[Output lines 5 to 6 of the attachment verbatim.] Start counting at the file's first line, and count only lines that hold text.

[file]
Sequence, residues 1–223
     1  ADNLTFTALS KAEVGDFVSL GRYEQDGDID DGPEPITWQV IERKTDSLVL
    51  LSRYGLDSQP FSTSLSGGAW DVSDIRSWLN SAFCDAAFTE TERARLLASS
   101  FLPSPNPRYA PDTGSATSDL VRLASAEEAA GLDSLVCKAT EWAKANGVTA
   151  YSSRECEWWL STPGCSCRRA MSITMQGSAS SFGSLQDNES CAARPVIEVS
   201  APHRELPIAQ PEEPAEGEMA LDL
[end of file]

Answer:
   151  YSSRECEWWL STPGCSCRRA MSITMQGSAS SFGSLQDNES CAARPVIEVS
   201  APHRELPIAQ PEEPAEGEMA LDL